Izumo Sangyouza has also been building LTZ1000 references. though unlike TiNs, few details are available, the boards look awesome however and though the forum posts are in Chinese, the videos included stand as testament to the accuracy of his references. But Izumo’s blog holds an additional surprise for the avid volt nut. The picture below perhaps says all that needs to be said.

The multimeter shot below uses the AD5791 in concert with a stable reference to provide incredible precision. While the post doesn’t specify, it’s a safe bet that one of Izumo’s LTZ1000 voltage reference boards is being used in this case. having recently played around with the AD5791, I can only stand in awe of Izumo’s work.

look at all those lovely digits

A liquid nitrogen amazing Josephson junction reference and HP 3458A

The LTZ1000 is the best generally available reference and the 3458A the best meter. but one question remains, what do you use to calibrate it?


The answer is to turn to basic physics, in this case the Josephson junction. The Josephson junction is formed from two superconductors separated by a thin insulating barrier. When cooled with liquid helium these junctions exhibit complex non-linear behavior, such that a frequency applied to the junction can be converted into a precise voltage. Luckily, producing highly accurate frequencies is something we’ve become very good at. Cesium standards (so called atomic clocks) are used together with the Josephson junction to create highly accurate voltage references.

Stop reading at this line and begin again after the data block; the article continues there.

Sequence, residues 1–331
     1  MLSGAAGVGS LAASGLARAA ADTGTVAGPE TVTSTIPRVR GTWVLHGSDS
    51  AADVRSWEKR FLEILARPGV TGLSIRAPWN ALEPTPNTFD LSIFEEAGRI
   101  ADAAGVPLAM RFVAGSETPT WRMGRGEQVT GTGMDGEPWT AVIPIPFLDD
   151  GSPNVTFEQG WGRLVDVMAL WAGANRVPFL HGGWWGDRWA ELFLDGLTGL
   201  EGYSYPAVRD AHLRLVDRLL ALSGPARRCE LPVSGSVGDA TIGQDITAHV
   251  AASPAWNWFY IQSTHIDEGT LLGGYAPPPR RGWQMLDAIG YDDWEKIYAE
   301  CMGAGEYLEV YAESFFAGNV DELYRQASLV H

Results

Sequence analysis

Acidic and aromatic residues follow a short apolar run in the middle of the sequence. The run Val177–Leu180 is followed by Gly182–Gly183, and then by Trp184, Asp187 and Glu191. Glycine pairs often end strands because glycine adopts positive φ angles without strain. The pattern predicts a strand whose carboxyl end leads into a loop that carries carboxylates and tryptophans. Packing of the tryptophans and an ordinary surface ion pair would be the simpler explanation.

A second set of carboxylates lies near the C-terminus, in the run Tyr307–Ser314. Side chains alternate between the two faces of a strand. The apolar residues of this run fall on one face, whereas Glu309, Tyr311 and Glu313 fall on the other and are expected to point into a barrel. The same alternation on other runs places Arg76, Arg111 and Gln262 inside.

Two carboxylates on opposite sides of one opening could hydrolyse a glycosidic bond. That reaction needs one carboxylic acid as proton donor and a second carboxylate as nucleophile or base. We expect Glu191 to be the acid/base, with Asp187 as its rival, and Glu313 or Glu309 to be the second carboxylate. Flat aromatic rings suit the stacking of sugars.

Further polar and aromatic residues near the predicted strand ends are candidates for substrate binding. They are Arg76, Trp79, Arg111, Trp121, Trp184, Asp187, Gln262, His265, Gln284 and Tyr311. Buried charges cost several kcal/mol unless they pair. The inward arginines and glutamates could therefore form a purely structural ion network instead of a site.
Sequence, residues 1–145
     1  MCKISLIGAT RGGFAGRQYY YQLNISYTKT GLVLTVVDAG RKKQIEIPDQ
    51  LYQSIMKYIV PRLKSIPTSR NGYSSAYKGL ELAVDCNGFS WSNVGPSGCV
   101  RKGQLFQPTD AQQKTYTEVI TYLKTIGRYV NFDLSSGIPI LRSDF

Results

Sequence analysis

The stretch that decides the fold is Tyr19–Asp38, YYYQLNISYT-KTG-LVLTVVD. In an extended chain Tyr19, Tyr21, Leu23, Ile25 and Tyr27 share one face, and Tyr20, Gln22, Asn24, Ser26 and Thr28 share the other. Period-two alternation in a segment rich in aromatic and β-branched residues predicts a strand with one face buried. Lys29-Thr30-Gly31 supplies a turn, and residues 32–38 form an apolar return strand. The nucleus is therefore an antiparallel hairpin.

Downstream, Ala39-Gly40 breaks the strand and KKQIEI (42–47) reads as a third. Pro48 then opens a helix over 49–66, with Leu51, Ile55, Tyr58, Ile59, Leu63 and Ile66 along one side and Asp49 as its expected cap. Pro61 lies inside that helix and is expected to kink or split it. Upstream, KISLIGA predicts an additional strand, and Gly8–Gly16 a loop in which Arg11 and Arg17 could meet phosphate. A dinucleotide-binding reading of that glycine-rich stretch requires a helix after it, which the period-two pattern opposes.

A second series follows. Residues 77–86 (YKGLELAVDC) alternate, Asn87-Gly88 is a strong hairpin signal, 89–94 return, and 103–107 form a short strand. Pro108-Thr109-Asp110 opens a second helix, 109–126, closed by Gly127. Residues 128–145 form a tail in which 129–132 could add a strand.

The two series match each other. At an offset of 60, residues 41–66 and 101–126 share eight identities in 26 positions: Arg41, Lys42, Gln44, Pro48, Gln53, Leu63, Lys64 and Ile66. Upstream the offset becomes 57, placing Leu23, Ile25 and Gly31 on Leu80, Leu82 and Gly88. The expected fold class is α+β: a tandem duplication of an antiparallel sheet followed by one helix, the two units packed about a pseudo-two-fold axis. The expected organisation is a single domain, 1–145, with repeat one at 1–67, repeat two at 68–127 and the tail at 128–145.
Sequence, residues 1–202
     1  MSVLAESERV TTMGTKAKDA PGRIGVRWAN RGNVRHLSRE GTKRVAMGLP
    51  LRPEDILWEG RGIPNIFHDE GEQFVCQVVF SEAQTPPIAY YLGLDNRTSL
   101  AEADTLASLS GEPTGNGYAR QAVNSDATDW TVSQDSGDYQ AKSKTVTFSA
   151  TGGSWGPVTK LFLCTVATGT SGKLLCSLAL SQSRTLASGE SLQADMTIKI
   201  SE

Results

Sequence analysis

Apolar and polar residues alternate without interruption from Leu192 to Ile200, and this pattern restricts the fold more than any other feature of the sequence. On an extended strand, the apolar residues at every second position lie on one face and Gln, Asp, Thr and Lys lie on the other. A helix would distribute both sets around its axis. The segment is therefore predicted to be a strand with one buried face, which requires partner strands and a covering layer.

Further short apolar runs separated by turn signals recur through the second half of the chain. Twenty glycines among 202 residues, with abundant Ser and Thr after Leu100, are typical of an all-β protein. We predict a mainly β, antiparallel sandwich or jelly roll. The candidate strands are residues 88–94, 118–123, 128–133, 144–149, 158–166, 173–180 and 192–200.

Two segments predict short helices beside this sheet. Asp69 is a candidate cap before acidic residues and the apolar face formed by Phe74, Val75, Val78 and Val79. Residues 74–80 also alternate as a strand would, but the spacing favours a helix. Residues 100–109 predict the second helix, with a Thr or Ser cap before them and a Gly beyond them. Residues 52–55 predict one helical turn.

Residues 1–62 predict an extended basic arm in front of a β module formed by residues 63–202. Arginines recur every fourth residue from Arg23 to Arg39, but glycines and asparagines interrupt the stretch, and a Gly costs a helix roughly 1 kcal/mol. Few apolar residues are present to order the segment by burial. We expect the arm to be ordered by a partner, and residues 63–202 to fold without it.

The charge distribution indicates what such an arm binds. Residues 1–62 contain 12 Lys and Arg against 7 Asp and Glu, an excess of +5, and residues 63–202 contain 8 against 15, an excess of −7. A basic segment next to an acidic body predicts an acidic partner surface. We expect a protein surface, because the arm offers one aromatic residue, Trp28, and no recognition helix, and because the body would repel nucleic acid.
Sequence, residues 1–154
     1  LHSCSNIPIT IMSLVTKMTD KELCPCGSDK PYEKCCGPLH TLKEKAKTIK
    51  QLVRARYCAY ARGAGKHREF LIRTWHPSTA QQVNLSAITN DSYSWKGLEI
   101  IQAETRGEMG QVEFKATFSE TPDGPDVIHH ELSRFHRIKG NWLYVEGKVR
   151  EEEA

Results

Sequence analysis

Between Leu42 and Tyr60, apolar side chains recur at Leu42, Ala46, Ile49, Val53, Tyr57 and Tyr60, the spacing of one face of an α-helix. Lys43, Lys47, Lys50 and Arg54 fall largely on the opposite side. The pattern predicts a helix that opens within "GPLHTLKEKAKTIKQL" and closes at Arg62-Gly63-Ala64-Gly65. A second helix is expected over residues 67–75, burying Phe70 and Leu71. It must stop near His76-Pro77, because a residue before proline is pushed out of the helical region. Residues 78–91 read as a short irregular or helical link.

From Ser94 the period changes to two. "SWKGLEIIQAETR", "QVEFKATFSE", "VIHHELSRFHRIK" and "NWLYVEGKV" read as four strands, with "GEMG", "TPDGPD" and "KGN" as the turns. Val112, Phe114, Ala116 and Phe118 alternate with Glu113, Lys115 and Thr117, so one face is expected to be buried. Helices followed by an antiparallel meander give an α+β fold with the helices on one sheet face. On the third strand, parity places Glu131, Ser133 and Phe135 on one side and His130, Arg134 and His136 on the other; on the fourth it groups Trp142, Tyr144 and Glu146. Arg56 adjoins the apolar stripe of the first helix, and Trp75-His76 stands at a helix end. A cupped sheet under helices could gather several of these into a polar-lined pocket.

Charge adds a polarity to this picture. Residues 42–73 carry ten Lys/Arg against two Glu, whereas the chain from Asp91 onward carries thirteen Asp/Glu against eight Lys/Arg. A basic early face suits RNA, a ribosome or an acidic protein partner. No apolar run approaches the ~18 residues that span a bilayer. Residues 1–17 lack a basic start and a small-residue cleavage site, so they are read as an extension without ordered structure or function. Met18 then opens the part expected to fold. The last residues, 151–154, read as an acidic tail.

The IEEE have create a video on the basic physics and the evolution of the Josephson junction. Through the efforts of  Quantum Electrical Metrology Division and others, cI fianchi che incorporano migliaia di tali giunzioni su un singolo dispositivo sono stati fabbricati e forniscono valori standard accurati all’interno dei nanovolt. Questa proprietà fisica di base è ora utilizzata per calibrare tutti i multimetri di precisione.

Il chilogrammo elettronico

C’è una svolta finale nella storia del dado Volt. Mentre la maggior parte dei nostri standard di misurazione si basano su una proprietà fisica fondamentale, il chilogrammo standard è un pezzo di metallo che si trova in un caveau a Parigi. Questo è ovviamente, piuttosto insoddisfacente. Nel corso delle centinaia di anni che questo grumo di metallo è stato seduto in giro, ha perso la massa come è stata pulita e gestita.

Le comunità degli standard ora cercano di sostituire questo con un “chilogrammo elettronico”. Il loro sistema equilibra la potenza meccanica di un peso sotto gravità e la forza esercitata da un elettromagnete. Questa energia elettrica è ovviamente misurata in termini di Josephson Standard Volt.

Brian Josephson ha vinto il premio Nobel per i suoi contributi allo sviluppo del riferimento Josephson Junction, forse rendendolo il dado di volt Ultimate. Ma per ora tali referenze giacciono fuori dal dominio dell’hacker medio. Forse un giorno, come gli orologi atomici prima di loro, le applicazioni industriali guideranno il prezzo verso il basso in modo che ogni dado di volt possa avere il loro standard molto personale. Fino ad allora la ricerca va sempre avanti.